"As a writer in the rust belt, I’m quite aware that being a writer is a strange and privileged way to spend time."
It took a long time for Kingsolver to be able to write a book that goes right at the hardest parts of her home. The notion that everybody in Appalachia is hanging out on their porch, eating cornbread and drinking moonshine is certainly a stereotype, but there is some truth to it.
So it would be hard to overestimate how growing up in rural Kansas, whether you call it the Midwest or the Plains, has shaped everything that I am, let alone everything that I write—fiction and nonfiction.
"I do appreciate titles that use the terrain instead of making their characters sit inside. I also enjoy titles that reveal the parts of our region that outsiders are unlikely to see, like Homewood, Butler, or old school, residential Oakland. Yinzers don't gaze down from Grandview Avenue all day like the movies would have you believe."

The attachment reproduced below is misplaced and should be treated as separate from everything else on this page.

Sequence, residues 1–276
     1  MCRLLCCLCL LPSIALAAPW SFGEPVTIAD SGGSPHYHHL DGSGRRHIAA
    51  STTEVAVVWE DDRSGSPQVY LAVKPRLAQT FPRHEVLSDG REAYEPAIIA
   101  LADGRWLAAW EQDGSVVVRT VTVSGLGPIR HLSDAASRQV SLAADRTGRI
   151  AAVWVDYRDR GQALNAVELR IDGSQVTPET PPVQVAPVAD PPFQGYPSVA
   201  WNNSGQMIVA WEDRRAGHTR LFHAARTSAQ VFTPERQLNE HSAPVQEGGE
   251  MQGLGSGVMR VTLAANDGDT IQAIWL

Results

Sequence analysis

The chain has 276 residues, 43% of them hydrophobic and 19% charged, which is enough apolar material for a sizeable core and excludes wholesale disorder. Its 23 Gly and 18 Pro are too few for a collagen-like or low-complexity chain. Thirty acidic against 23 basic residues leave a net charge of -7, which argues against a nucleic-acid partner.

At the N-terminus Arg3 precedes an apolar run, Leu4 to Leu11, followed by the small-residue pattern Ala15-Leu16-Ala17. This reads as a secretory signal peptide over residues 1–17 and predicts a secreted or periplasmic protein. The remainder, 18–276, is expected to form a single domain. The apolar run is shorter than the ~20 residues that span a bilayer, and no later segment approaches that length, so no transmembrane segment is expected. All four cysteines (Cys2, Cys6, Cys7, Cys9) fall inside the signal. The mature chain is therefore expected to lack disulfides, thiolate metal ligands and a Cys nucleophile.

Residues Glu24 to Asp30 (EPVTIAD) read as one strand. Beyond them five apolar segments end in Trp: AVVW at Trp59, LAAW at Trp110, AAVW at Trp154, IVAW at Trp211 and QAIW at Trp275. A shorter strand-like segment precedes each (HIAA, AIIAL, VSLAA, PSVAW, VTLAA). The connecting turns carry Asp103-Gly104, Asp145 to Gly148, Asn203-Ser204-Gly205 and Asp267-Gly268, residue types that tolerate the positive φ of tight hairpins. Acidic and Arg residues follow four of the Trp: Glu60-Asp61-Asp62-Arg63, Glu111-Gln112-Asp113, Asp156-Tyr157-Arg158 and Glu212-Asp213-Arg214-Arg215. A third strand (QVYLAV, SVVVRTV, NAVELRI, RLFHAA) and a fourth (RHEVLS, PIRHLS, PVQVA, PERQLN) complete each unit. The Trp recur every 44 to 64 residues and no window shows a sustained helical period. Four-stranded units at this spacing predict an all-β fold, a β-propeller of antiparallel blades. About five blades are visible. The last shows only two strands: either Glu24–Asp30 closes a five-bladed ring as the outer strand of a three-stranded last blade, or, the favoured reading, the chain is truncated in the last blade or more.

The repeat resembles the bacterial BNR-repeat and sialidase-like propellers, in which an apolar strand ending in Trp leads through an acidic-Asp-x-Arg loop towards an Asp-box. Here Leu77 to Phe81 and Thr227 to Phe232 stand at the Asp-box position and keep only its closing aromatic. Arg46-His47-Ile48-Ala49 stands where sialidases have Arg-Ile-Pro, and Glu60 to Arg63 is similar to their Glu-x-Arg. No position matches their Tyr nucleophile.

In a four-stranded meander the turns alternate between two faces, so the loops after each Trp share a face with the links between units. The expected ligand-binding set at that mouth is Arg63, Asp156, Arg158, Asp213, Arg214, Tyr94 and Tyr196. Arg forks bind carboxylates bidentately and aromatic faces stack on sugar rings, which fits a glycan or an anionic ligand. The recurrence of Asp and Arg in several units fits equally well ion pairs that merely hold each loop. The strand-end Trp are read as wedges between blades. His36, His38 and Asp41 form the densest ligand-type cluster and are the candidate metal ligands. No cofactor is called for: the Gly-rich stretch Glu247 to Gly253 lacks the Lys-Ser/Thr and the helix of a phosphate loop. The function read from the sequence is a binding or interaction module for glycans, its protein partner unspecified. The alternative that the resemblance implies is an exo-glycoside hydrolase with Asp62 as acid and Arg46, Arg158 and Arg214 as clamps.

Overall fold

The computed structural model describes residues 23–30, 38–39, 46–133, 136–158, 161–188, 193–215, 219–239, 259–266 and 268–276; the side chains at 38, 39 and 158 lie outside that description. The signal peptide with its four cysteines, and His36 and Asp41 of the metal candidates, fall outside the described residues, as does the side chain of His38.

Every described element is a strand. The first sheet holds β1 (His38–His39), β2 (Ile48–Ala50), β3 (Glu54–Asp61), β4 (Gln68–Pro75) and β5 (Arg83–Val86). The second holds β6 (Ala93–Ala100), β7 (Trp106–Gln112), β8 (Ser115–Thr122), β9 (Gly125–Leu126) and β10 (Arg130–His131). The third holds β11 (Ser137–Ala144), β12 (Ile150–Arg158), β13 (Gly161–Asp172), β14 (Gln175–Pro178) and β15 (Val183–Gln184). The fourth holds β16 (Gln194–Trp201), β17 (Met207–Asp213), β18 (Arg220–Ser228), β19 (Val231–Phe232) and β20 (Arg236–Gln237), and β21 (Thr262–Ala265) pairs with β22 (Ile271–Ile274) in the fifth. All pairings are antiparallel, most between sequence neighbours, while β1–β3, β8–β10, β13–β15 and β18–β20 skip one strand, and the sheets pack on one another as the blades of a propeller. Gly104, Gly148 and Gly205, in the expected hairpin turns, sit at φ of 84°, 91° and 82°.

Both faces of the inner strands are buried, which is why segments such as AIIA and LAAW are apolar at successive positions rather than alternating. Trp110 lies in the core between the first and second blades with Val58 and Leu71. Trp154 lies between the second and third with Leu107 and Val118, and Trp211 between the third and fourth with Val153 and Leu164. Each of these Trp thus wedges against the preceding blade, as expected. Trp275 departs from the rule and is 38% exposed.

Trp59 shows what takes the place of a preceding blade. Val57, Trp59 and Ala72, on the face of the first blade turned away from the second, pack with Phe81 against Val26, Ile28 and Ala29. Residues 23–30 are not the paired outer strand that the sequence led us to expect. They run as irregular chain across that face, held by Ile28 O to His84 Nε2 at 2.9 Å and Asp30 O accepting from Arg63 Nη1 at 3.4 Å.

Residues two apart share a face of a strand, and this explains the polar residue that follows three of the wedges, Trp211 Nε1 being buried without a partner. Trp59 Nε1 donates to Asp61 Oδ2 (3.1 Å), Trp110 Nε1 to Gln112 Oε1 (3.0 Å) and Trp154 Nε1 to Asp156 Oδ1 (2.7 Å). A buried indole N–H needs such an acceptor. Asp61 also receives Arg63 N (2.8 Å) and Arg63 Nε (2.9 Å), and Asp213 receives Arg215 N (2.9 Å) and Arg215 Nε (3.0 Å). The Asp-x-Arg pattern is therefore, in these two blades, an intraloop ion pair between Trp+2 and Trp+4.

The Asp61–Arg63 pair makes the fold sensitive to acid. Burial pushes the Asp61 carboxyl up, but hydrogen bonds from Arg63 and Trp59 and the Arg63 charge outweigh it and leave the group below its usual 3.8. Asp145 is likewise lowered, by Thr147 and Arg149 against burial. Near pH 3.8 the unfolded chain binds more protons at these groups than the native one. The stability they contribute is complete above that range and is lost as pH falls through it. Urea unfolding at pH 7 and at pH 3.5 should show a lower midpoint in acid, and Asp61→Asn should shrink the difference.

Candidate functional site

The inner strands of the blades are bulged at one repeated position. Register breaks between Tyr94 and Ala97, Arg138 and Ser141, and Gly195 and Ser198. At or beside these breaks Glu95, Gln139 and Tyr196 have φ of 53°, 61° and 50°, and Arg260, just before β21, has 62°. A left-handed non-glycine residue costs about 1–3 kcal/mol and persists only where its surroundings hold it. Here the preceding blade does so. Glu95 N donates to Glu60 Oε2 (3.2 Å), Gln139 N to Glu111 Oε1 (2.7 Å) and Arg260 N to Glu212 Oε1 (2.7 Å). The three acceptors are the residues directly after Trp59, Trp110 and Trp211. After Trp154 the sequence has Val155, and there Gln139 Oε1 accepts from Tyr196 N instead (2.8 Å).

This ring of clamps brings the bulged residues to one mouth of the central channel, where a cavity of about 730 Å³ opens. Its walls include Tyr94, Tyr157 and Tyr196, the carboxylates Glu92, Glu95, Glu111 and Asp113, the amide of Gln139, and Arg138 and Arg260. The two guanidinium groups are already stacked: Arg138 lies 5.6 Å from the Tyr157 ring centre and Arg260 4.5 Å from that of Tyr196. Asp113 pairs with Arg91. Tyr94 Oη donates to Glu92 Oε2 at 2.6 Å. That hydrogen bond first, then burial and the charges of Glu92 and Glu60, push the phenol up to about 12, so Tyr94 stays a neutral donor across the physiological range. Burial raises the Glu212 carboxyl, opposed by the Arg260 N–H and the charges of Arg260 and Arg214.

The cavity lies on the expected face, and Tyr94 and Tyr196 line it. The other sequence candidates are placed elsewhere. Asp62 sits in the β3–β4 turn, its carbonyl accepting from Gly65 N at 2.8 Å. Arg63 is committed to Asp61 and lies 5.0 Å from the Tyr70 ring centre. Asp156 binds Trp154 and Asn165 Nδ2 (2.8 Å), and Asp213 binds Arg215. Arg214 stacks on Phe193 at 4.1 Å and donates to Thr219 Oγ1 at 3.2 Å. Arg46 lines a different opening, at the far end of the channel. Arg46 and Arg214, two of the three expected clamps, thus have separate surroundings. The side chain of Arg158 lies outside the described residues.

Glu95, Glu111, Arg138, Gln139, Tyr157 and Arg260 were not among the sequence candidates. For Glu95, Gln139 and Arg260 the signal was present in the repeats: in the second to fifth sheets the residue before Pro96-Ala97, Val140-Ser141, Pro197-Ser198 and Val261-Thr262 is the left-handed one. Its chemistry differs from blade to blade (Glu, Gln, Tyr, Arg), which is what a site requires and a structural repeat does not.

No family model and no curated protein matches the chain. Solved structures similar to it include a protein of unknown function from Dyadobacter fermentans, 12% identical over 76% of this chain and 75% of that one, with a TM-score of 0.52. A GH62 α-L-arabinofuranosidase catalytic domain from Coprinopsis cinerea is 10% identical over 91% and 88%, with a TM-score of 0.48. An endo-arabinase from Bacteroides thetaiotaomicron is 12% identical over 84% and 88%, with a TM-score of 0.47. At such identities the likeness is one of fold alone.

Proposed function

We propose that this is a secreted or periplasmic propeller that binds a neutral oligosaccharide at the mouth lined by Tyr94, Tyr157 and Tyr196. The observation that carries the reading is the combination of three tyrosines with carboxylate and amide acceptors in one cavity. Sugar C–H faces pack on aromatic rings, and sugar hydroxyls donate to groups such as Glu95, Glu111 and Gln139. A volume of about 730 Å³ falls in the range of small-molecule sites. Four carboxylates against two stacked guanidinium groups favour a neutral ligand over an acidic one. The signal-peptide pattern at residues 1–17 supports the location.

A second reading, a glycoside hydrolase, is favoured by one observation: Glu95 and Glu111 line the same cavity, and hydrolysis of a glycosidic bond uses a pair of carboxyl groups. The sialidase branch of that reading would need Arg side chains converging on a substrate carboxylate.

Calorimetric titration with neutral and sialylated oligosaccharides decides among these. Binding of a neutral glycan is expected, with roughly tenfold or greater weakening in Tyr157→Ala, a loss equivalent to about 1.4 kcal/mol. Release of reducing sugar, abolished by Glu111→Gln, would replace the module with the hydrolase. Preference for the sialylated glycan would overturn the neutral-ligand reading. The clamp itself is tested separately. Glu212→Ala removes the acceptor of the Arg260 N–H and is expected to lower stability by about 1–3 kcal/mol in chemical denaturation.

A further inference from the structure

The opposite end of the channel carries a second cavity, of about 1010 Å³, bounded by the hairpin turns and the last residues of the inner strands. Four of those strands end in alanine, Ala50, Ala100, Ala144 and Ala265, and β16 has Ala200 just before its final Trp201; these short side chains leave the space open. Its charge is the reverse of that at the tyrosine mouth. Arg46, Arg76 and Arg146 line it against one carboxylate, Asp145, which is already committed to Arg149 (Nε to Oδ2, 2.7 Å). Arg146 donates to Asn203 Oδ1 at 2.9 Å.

"Rarely do we get to simply live our lives, to be taken for granted. Our existence in the world has to be extraordinary, and we lose our mundanity and so much of our humanness in this process."
"I came from somewhere that has a lot of character and really fascinating people who have carved out really beautiful lives, and they don't fall easily into the caricatures that we see of rural Pennsylvanian people in the news."
"Folklore is living and breathing, always evolving, and part of contemporary life—the twist you add to an heirloom recipe, a lullaby sung to a child at bedtime, the in-jokes that emerge among families, the vocabulary unique to a particular occupation, the beloved foodways of a certain place, the meme altered and shared among friends."
Cooperative games don’t have to be cooperative just amongst players around a table, that cooperation can be the solidarity players feel (and act on) for workers.
A conversation with architecture and design critic Alexandra Lange on malls in America.
A conversation with Z. Zane McNeill, editor of 'Y'All Means All.'
There is no excerpt because this is a protected post.
A conversation with Kim Kelly, author of 'Fight Like Hell.'